Take your students on a captivating discovery of Japanese culture, art, gardens, food and more. Each tour option can be docent-led or self-guided but must have a reservation. Reserve today at 561-233-1330 or fill out the tour interest form at the bottom of the page.
During the School Year
- Japan Through the Eyes of a Child ( Recommended for K-Grade 8): From the Shinkansen to a classroom, to a street of stores, and through a family home, students have the opportunity to explore tradition, change, and the influence of culture in our lives today. In the docent-led tour, students handle objects while trying to discover their use in everyday life in Japan.
- Gallery Tour (Recommended for Grades 9-12): Explore the treasures of our galleries. Exhibits rotate every three months. Click here to view the current exhibits.
- Combination Tour (Recommended for Grades 6-12): Students tour the current exhibit , the Seishin-an Tea House, the dry garden, and receive an overview of the Yamato Colony
- NEW Garden Safari (recommended for grades K-5): Explore the sights and sounds of Roji-en: Garden of the Drops of Dew while discovering key concepts and design elements of Japanese gardens.
- Roji-en: Gardens of the Drops of Dew (Recommended for Grades 6-12): Stroll through six Japanese gardens and delve into their history and unique design elements. From the playfulness of the Shinden Garden to the structured composition of the dry gardens and finally to the western influences in the Modern Romantic Garden. This 7/8th of a mile journey is available from October to May.
- NEW Full STEAM Ahead (Recommended for Grades 3-5): This STEAM-based program encourages scientific and mathematical inquiry, exploration and teamwork as students learn about Japanese garden design. It is available from October to May. Click here for more information and to see if your school is eligible for financial support through our MORY program.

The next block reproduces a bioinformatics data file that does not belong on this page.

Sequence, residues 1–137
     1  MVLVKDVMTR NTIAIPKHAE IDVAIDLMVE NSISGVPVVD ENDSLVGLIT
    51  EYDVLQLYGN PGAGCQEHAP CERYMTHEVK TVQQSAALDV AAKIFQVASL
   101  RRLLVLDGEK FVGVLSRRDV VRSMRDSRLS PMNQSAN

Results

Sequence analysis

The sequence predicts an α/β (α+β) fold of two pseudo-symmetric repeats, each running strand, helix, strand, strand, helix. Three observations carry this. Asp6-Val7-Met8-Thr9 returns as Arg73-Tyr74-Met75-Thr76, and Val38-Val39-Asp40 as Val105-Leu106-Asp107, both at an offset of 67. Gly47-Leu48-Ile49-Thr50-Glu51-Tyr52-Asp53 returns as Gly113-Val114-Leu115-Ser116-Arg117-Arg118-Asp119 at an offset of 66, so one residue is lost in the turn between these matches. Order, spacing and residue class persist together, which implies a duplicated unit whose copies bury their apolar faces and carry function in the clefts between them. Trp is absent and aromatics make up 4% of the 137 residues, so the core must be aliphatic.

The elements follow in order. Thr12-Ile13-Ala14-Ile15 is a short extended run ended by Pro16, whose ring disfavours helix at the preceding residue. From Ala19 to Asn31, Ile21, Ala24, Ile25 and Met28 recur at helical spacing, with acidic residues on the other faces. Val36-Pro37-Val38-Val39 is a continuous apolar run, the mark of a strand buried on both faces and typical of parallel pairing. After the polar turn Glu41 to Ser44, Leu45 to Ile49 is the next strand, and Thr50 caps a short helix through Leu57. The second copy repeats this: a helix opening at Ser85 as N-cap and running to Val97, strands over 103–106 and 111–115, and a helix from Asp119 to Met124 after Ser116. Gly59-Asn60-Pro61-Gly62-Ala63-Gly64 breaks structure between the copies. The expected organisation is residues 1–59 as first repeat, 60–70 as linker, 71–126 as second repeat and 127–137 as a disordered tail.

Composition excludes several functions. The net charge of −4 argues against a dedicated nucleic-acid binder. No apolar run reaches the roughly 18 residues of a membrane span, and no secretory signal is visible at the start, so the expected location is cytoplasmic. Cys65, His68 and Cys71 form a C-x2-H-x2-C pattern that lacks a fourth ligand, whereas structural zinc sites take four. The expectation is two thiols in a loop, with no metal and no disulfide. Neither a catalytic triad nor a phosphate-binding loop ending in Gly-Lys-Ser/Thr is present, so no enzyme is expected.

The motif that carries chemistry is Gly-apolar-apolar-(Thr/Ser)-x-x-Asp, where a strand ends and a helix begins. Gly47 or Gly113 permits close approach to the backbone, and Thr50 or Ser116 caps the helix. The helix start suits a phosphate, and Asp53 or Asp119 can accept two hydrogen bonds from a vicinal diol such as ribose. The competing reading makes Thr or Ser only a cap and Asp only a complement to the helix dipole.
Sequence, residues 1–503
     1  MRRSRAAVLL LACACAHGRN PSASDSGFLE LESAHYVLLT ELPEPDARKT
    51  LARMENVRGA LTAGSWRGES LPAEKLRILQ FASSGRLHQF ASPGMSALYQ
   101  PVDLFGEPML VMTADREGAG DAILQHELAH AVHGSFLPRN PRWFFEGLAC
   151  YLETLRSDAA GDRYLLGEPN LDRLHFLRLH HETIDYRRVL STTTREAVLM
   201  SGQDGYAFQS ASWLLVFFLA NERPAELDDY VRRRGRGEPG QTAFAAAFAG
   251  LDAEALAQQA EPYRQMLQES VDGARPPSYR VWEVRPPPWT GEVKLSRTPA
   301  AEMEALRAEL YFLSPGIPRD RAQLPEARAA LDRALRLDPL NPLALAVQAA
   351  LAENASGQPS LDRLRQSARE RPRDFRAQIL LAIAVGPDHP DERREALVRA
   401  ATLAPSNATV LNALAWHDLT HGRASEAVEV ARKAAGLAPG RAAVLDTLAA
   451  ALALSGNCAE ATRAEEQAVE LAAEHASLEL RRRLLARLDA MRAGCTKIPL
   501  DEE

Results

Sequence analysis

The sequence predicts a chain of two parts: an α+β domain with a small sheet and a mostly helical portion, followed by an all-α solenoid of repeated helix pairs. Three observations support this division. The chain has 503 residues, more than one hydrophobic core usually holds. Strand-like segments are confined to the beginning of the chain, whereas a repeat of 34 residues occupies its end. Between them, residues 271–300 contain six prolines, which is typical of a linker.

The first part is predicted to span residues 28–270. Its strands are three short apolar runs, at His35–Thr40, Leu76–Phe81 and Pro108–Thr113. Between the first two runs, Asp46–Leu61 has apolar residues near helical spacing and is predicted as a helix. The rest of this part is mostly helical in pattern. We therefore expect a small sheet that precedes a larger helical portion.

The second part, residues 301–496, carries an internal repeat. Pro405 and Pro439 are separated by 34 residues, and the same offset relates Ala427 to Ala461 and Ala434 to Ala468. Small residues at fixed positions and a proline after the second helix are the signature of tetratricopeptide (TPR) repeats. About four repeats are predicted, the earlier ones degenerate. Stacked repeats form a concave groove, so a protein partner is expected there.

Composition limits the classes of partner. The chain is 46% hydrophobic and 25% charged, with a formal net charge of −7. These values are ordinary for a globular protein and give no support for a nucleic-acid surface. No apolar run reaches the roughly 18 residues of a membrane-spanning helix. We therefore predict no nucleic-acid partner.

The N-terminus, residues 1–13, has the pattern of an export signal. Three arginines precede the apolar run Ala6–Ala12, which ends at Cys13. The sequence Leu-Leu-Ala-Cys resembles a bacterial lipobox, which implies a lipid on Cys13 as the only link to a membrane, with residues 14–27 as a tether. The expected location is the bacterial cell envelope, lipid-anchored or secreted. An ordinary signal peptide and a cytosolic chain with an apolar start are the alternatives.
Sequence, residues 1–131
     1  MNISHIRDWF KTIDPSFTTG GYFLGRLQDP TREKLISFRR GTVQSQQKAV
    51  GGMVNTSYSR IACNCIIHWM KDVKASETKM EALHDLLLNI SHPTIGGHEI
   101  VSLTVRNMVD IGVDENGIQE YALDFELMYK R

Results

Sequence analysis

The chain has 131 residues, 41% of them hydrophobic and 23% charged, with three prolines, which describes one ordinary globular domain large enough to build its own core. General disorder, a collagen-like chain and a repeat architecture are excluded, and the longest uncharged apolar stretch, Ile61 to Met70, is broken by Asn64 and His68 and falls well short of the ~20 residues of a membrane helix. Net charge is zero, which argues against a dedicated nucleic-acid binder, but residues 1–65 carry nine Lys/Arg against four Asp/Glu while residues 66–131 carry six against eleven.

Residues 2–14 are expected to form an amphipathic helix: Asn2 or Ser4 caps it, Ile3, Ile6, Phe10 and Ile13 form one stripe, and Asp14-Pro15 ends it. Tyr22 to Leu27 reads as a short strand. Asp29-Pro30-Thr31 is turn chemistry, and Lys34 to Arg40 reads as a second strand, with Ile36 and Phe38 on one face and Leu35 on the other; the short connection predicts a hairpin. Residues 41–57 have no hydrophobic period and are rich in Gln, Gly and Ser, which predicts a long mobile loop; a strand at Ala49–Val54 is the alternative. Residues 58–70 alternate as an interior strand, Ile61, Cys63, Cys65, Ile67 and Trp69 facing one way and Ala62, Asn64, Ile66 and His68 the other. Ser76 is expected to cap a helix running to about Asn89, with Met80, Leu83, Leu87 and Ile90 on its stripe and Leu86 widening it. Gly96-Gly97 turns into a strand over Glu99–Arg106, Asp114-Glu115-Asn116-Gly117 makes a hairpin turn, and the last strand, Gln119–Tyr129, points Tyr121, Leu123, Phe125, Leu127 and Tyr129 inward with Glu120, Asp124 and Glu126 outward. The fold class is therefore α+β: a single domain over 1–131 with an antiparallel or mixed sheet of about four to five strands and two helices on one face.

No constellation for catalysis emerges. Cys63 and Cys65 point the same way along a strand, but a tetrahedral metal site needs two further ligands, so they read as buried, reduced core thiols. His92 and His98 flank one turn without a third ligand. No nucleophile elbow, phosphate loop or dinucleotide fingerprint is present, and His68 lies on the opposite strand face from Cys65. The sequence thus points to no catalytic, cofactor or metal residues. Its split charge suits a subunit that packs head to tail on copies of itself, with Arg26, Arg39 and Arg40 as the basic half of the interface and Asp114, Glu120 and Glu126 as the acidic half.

- Availability: Tuesday through Friday at 10:15 am, October – May for groups of 15 – 50.
- Price: $7.48 per student, $13.08 per adult (2 adults free) + tax.
- Lunch: A special student sized Japanese box lunch (bento) is available for take-out only at $8.00 per person ($1.00 with soft drink). For dine-in options or to arrange for lunch, please contact the Cornell Café at 561-233-1336.
- Teacher Resources: Teacher’s resource packets are available here with pertinent tour information.
- Questions: To inquire about a school tour, fill out our online tour interest form.
During the Summer
Summer Tour Plus:
- Docent-led Tours: Children take a guided tour through the galleries, and enjoy making a craft that reinforces the cultural lessons of our current exhibits. To learn more CLICK HERE for the 2018 Summer Tour Plus Flyer PDF
- Self-guided Tours: Visit the children’s exhibit in the Yamato-kan, Japan Through the Eyes of a Child, and enjoy the Japanese gardens – complete with bridges, stone lanterns, and colorful koi.
- Availability: Tuesday – Friday at 10:15am, June – Mid-August
- Price: $7.48 + tax per student, $13.08 + tax per adult (2 adults free).
- Reservations: Call 561-233-1330, beginning March 1st.
- Questions: To inquire about Summer Tour Plus, fill out our online tour interest form.
Are your children interested in music? Check out our Children’s Music Summer Camp Program
Helpful Tips When Visiting Morikami for Field Trips
- Build in extra time: Leave time to experience Morikami at an unrushed pace allowing time for questions and enjoyment of the surroundings after your visit. Plan at least an extra hour if you wish to see everything.
- Wear comfortable shoes: There is a lot of walking involved in visiting Morikami Museum and Japanese Gardens.
- Plan for lunch: Lake Biwa Pavilion, which is located at the entrance to Morikami Park , is a covered area with facilities to accommodate school groups for lunch on a first come first served basis. While it is usually available during the week, reservations can be made by calling 561-966-6611. The museum does not have facilities to refrigerate or store lunches.
- Other important info: There are public restrooms in the park, as well as open areas to run off excess energy.